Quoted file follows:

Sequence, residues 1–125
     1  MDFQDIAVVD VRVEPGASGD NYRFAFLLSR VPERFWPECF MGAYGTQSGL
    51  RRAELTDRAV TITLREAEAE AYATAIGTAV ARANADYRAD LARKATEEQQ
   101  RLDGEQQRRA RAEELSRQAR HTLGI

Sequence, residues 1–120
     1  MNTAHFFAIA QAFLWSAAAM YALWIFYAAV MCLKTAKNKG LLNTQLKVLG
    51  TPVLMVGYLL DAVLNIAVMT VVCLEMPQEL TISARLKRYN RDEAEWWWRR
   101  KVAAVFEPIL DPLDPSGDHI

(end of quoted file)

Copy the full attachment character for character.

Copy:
Sequence, residues 1–125
     1  MDFQDIAVVD VRVEPGASGD NYRFAFLLSR VPERFWPECF MGAYGTQSGL
    51  RRAELTDRAV TITLREAEAE AYATAIGTAV ARANADYRAD LARKATEEQQ
   101  RLDGEQQRRA RAEELSRQAR HTLGI

Sequence, residues 1–120
     1  MNTAHFFAIA QAFLWSAAAM YALWIFYAAV MCLKTAKNKG LLNTQLKVLG
    51  TPVLMVGYLL DAVLNIAVMT VVCLEMPQEL TISARLKRYN RDEAEWWWRR
   101  KVAAVFEPIL DPLDPSGDHI